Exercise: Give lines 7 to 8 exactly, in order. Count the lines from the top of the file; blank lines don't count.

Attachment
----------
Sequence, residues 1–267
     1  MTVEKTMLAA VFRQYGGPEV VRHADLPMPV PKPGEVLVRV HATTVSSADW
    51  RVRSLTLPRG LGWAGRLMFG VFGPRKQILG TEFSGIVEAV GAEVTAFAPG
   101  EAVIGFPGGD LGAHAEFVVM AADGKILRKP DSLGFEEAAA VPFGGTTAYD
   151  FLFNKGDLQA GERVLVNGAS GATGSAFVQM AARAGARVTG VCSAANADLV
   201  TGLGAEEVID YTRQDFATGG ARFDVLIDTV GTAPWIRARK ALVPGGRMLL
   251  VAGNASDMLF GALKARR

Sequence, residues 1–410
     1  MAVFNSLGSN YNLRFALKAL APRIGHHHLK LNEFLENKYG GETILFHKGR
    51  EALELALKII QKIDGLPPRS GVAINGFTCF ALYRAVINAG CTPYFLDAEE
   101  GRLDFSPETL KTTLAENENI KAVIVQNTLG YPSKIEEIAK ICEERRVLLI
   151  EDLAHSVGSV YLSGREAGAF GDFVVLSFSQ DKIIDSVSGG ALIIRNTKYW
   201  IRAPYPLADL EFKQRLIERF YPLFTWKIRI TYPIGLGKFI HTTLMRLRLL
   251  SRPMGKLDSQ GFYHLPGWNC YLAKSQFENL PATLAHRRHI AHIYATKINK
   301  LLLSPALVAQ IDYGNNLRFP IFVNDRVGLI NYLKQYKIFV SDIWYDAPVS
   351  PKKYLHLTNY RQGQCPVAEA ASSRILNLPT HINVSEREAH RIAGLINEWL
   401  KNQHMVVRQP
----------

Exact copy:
   251  VAGNASDMLF GALKARR

Sequence, residues 1–410